Vinyl is not going to save the music industry -- and especially not 3D-printed vinyl
Anyone born between, say, 1900 and 1990 grew up thinking of music as a physical object, whether in the form of vinyl records, 8-track tapes, cassettes, or CDs. But this notion of rhythm and sound forged into something tactile is a mere blip in the history of music-making. Sheet music notwithstanding, if you wanted to listen to Beethoven's 5th in 1808, you would have to throw on your finest frock and head to the symphony.
Now, with MP3s (which are on their way out too) and streaming music dominating our listening habits, the 150-year era of music-as-a-physical-object, which started with Édouard-Léon Scott de Martinville's recording to "Au Clair de la Lune," has come to a close.
Or has it? One of the most innovative pieces of music technology all year isn't a new streaming app or a mind-blowing compression algorithm -- It's the new vinyl record "Lazaretto" from Jack White, who ironically, has a reputation for hating technology. The LP features dual grooves which allow listeners to pick whether they want to hear an acoustic version or an electric version of one of the songs. It also has secret tracks buried under the label and a "hand-etched hologram by Tristan Duke of Infinity Light Science" because why not.
White's not the only one experimenting with record technology lately. Over at the Smithsonian, Jimmy Stamp rounds up some of the most exciting innovations in this field. Audiophiles are using 3D printers to transform sound files into 33 RPM resin records. Others have created records using lasers, cutting grooves into plastic, paper, and even wood.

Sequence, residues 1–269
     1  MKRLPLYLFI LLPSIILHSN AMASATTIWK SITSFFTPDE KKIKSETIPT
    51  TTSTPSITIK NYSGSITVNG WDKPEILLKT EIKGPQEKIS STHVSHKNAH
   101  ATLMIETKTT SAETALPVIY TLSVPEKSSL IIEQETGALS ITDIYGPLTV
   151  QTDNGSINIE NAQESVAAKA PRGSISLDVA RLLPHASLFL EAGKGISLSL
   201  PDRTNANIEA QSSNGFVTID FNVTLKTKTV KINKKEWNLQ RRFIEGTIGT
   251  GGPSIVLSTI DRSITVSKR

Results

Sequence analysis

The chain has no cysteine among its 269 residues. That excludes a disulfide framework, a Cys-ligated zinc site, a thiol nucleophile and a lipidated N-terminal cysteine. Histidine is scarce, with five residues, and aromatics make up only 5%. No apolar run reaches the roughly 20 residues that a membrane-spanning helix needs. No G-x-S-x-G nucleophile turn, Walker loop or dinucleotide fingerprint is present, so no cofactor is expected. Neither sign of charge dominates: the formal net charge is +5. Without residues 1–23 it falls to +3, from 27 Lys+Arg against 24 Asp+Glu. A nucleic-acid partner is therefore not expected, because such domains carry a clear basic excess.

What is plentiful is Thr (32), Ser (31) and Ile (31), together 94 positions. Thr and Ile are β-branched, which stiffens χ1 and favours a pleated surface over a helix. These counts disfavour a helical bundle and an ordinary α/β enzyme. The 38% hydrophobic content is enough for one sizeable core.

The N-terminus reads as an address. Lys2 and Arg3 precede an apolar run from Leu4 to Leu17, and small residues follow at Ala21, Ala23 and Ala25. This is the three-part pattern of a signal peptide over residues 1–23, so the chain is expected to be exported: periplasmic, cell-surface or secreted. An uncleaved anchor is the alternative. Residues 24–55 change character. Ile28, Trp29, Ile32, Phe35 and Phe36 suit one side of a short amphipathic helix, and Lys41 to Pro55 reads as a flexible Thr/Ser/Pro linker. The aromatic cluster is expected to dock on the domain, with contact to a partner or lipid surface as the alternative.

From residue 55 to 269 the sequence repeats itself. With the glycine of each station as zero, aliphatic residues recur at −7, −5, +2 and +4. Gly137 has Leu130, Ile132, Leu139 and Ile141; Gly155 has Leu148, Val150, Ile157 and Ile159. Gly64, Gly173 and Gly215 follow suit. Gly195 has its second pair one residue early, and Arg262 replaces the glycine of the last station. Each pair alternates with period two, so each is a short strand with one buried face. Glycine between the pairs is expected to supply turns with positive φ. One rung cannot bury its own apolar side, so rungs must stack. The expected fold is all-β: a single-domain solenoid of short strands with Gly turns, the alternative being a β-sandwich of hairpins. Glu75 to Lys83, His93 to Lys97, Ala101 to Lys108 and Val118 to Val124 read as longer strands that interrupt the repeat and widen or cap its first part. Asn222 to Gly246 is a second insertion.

But the fact that maker culture and vinyl culture merged so easily highlights problems with both of them. As Pando's James Robinson has written, maker culture, for all its charms, is still largely a hobbyist movement, unlikely to change the world or move markets. And while vinyl sales are surging, up more than 40 percent over last year, total units sold in the first half of 2014 only amounted to 4 million. Meanwhile, total album sales, most of which were digital downloads, totaled 121 million units while digital track downloads totaled 593.6 million. Vinyl's not killing the digital star any time soon.
That's not to say these creations aren't cool, or that the communities behind them aren't vibrant. And for White, selling 49,000 copies at $20 apiece brings him a solid haul. But, to be honest, he probably would have been better off releasing his album exclusively on iTunes for a week before letting Spotify, Rdio, and the rest get ahold of it. For superstars of White's caliber, that strategy has paid off handsomely. Furthermore, while I wouldn't go so far as to call the innovations behind "Lazaretto" gimmicky, are holographic etchings and dual grooves really need-to-haves when it comes to the music you buy, assuming you even still pay for music?
Limited edition vinyls and box sets with fancy, innovative packaging have always been a good way for artists to skim a little more cash from their super-fans -- the Velvet Underground box set with the phallic, peel-able banana was always one of my favorites. But when the Smithsonian writes (with certainly a heaping dose of irony) "Forget the Cloud. In the Future We'll Listen to Music on UV-Cured 3D-Printed Resin," don't be fooled. Music as a physical item will be for collectors and hobbyists, just like Maker Faire's army of homemade R2D2s. In the future, music will still be largely in the cloud -- or whatever they call the telekinetic brain-to-brain medium we use to share songs in 2030.